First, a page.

A teacher who brought Ketamine into his primary school, and then dropped it in the toilets, has been indefinitely banned from the profession.
Charles Hatfield brought the Class B drug to Charles Warren Academy in Simpson, Buckinghamshire, in December 2020.
The 32-year-old has now been barred from teaching indefinitely, following a professional conduct hearing by the Teaching Regulation Agency (TRA).
The panel heard that, on or around December 14, 2020, a small package containing a white substance was found in the school’s staff cubicles by the principal.
After a staff meeting was called, Hatfield confessed that the package was his and had accidentally fallen out of his wallet. He also confirmed that it was Ketamine.
Despite Hatfield’s disclosure that he had not used the drug while at school, he was suspended on December 16 and dismissed following a disciplinary hearing in April 2021.
During the TRA hearing, the panel was told that the package was tested by police – who confirmed the substance was, in fact, 0.476g of Ketamine.
Hatfield was handed a conditional caution in August 2021, which required him to complete a drugs course by the next month.
To the TRA, Hatfield admitted both allegations against him – the first was that he had brought a Class B drug onto school premises, and the second that had received a conditional caution from police.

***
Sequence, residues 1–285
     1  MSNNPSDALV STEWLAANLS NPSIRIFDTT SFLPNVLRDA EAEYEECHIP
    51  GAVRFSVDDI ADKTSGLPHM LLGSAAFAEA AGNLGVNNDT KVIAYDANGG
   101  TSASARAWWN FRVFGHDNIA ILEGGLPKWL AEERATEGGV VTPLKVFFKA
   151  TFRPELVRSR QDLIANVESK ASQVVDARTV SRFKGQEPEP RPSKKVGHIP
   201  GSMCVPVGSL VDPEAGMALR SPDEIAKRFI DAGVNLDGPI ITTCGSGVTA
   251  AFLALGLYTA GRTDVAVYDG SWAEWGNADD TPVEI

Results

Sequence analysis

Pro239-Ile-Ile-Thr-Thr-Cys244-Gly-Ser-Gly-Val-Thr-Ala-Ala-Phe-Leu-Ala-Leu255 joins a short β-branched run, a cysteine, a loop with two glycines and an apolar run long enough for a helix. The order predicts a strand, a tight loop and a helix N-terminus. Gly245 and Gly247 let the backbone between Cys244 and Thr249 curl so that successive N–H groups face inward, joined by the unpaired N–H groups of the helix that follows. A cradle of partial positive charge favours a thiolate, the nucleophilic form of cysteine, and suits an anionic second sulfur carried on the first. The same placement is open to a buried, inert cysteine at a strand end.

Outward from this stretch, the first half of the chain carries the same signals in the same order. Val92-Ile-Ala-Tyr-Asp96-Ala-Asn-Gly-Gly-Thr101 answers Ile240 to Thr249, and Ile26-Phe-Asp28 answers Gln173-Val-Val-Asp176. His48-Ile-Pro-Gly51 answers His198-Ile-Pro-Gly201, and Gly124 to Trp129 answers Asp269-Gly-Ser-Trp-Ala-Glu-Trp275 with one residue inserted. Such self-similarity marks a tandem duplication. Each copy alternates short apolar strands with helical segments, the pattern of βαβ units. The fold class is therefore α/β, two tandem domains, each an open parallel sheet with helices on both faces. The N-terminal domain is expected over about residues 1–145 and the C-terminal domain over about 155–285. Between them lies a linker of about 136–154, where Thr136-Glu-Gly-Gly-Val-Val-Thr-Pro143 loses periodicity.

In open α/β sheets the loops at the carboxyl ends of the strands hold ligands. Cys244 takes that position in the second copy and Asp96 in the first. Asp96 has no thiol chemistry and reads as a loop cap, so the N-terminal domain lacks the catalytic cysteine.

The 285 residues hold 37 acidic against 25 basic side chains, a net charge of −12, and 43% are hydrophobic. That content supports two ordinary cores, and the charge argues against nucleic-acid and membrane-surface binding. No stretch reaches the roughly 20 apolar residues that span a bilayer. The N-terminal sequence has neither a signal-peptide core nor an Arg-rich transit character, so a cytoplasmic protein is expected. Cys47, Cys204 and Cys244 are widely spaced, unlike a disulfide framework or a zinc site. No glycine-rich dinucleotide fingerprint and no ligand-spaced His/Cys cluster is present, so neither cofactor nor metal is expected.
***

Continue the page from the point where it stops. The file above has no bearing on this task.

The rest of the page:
The watchdog then went on to find that the teacher’s conduct fell “significantly short of the standard of behaviour expected of a teacher”.
It also noted the serious risks and consequences that could have occurred if a child had found the Ketamine belonging to Hatfield.
However, it recognised that he had owned up to his actions immediately afterward, and demonstrated a “great deal of insight and remorse” for his conduct.
In a statement, he said: “While the incident took place in the staff toilets, outside of school hours with no pupils on the premises, given it was an accident, it could feasibly have taken place at another time or another setting.
“The fact alone that I was in possession of Ketamine presented a clear risk to the pupils – whom I was supposed to protect. I fully accept the gravity of this and the potential risk it posed.”
He added that the impact of his conduct “has been and still is wide-reaching”.
“First of all, it affected the learning of my class,” he added, “They lost their teacher, their routines, and their learning was greatly disrupted.
“There is no way I can remediate for this and it greatly saddens me to have impacted their education in such a way.”
The TRA panel ultimately decided to prohibit Hatfield from teaching indefinitely, and he now cannot teach in any school, sixth form college, relevant youth accommodation or children’s home in England.
However, a two-year review period was also agreed, which means he can apply for the ban to be set aside after that time.